precipitation reaction

DISPLACEMENT REACTION

This is a classic example of a single replacement chemical reaction, wherein copper ions precipitate out from solution onto the iron rod as iron atoms leave the rod and enter solution.

The blue color of the liquid is due to the copper ions in solution. You’ll notice that as the reaction proceeds and the copper precipitates out, the solution loses it’s blue color. The iron atoms in the rod give up their electrons to the copper ions in solution, so that the iron becomes oxidized while the copper becomes reduced.

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Crystallization

Crystallization (natural or artificial) is the  process of formation of solid crystals precipitating from a solution, melt or more rarely deposited directly from a gas. Crystallization is also a chemical solid–liquid separation technique, in which mass transfer of a solute from the liquid solution to a pure solid crystalline phase occurs. Crystallization is therefore an aspect of precipitation, obtained through a variation of the solubility conditions of the solute in the solvent, as compared to precipitation due to chemical reaction.

~Giffed by: rudescience  From: This video

Hi. I’m a 10 year Army combat veteran. I spent quite a bit of my life in foreign countries fighting for my country. I’ve lost a few friends over the past decade. Some came back and weren’t the same. Many lost limbs. I, myself, suffer from PTSD. Explosions like fireworks, gunshots… these things can cause an episode of intense fear and flashbacks. It’s so crippling that it makes me unable to function. Two days ago a neighbor’s 4th of July celebration triggered an episode and left me on the floor. When I got back from deployment, my family didn’t understand. I tried to seek someone in my family who would, but they all told me to just “man up.” I live alone now, with just my dog, who’s trained to help those with PTSD. I’m too afraid to try dating, because I know that most women could never deal with my disorder. The ridicule for it has gotten so bad, that the PTSD is often triggered by people using the words “trigger warning” to refer to things that make them uncomfortable, instead of things that actually cause a severe, crippling episode of horror and helplessness. Because of people using it like that, a lot of people I meet think that “triggers” aren’t actually harmful, that they’re just something that induces mild discomfort, and it adds to the abuse I get for not “being a man” and “dealing with it.”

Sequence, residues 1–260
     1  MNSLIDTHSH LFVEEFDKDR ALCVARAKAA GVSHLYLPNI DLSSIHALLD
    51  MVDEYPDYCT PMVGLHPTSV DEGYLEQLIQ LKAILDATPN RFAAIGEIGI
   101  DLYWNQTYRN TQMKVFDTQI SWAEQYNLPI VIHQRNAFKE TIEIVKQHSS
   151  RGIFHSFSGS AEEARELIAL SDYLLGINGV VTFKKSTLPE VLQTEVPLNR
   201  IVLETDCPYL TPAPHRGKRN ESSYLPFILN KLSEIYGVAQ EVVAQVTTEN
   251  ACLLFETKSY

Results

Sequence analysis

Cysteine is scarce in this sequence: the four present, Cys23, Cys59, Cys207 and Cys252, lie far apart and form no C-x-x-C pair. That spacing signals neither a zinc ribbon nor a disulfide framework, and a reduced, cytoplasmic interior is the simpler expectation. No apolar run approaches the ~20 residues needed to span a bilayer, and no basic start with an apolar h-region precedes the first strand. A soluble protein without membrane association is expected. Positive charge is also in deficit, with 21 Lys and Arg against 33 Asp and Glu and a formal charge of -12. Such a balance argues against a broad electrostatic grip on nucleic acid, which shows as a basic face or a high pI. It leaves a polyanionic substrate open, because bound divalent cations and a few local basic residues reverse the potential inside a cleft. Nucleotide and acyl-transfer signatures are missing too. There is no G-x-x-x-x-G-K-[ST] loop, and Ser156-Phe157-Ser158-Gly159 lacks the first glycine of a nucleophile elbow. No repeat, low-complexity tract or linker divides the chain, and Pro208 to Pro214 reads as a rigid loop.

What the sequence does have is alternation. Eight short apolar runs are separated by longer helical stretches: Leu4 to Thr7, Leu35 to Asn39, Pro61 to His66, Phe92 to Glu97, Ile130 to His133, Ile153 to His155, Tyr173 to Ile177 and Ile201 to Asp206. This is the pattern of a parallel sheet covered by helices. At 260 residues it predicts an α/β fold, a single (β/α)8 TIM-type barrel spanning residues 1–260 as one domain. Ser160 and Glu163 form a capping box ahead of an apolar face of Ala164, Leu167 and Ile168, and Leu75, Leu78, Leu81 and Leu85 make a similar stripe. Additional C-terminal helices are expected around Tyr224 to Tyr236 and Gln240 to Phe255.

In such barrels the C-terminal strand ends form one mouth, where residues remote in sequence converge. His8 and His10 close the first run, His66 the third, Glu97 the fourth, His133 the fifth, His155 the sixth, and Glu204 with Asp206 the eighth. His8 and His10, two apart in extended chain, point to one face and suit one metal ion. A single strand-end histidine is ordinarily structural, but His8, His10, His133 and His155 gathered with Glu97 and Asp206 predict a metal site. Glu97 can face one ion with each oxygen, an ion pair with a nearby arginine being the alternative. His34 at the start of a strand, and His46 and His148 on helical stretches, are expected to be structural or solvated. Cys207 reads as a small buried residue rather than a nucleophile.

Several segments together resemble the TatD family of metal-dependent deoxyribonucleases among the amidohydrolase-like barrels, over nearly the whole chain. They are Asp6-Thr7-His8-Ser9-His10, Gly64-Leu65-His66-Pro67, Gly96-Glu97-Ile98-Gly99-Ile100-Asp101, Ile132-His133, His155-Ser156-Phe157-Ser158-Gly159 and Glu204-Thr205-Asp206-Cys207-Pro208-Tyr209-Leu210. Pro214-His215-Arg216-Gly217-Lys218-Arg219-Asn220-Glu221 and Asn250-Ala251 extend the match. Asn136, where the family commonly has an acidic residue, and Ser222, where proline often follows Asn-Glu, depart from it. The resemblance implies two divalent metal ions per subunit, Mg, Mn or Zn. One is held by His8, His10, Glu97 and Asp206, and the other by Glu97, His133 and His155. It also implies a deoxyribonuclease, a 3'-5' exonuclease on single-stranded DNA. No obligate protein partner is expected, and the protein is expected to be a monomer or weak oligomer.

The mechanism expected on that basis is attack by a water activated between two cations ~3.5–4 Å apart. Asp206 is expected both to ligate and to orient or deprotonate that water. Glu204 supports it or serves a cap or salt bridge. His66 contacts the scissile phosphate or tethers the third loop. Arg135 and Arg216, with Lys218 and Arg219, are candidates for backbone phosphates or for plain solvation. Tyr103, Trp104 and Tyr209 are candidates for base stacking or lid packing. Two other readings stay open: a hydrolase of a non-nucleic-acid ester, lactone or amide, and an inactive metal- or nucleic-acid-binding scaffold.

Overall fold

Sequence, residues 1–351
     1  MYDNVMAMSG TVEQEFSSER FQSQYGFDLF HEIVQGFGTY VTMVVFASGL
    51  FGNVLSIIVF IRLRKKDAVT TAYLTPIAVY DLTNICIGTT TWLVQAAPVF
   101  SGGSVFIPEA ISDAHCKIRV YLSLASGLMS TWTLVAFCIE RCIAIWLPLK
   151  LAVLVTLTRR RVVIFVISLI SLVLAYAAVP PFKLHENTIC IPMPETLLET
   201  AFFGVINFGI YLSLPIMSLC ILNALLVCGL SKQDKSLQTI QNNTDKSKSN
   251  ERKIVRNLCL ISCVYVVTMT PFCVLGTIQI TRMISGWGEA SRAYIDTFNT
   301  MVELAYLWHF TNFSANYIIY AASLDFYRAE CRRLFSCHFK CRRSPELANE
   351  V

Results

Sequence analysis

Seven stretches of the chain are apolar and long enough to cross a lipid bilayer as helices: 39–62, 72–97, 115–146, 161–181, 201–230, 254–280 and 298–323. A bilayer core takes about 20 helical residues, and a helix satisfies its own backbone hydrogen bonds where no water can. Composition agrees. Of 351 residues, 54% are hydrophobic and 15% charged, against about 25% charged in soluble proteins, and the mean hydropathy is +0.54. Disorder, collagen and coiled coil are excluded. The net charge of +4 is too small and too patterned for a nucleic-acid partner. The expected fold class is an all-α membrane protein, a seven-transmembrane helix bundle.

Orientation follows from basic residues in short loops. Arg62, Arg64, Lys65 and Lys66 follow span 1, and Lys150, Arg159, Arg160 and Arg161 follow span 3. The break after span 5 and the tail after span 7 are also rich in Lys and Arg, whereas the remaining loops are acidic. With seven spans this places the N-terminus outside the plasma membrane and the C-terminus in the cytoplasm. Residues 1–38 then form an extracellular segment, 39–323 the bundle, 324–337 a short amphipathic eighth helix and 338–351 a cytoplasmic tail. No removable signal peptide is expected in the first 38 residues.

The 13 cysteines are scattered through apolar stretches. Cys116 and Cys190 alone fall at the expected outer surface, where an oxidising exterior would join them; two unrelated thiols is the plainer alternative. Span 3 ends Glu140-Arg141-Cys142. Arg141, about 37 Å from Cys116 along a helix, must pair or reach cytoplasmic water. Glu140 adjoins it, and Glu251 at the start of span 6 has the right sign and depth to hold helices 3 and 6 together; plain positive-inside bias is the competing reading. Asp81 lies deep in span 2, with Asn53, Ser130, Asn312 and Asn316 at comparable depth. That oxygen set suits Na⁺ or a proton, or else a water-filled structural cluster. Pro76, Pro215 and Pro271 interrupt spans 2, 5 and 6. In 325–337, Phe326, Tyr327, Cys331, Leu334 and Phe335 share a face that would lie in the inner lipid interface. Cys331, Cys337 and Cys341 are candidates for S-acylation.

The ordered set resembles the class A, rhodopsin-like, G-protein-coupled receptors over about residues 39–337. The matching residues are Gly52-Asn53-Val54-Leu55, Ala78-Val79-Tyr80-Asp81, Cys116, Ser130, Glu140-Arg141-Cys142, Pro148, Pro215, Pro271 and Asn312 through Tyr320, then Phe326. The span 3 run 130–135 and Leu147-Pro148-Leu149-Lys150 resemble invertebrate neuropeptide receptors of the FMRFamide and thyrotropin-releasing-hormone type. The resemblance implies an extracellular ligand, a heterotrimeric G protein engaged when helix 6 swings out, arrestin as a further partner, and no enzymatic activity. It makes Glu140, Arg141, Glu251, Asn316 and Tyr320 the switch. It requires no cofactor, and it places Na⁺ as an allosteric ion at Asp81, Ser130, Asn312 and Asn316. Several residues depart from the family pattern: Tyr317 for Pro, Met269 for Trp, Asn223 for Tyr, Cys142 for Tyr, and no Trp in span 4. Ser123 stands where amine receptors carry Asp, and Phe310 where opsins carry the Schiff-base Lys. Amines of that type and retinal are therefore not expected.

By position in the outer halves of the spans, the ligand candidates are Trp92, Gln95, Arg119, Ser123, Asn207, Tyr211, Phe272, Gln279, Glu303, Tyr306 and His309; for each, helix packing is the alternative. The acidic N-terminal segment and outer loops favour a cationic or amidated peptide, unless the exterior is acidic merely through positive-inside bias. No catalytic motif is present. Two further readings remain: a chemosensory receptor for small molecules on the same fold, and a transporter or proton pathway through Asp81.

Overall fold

So, as a veteran who has to deal with this reality day in and day out, please reconsider using the term “trigger warning.” I might understand “questionable/offensive content warning” or something like that, but triggers are far more severe. They call them “triggers” because they’re like a gun, and the fallout is just as severe.

Please reconsider it.

Thank you.

I’m very sorry about what has happened to you, but I’m going to respectfully disagree. 

The very definition of the word “trigger” includes “anything that serves as a stimulus and initiates or precipitates a reaction or series of reactions”. In this context, I and many others use it to refer to words, phrases, and actions that have the potential to “trigger” physical, mental, or emotional distress or harm. 

People suffering from PTSD are not the only people who can be triggered, and I’m uncomfortable with your assumption that others who use the term “trigger” do not suffer as much as you do. That is a harmful and unfortunately widespread misconception.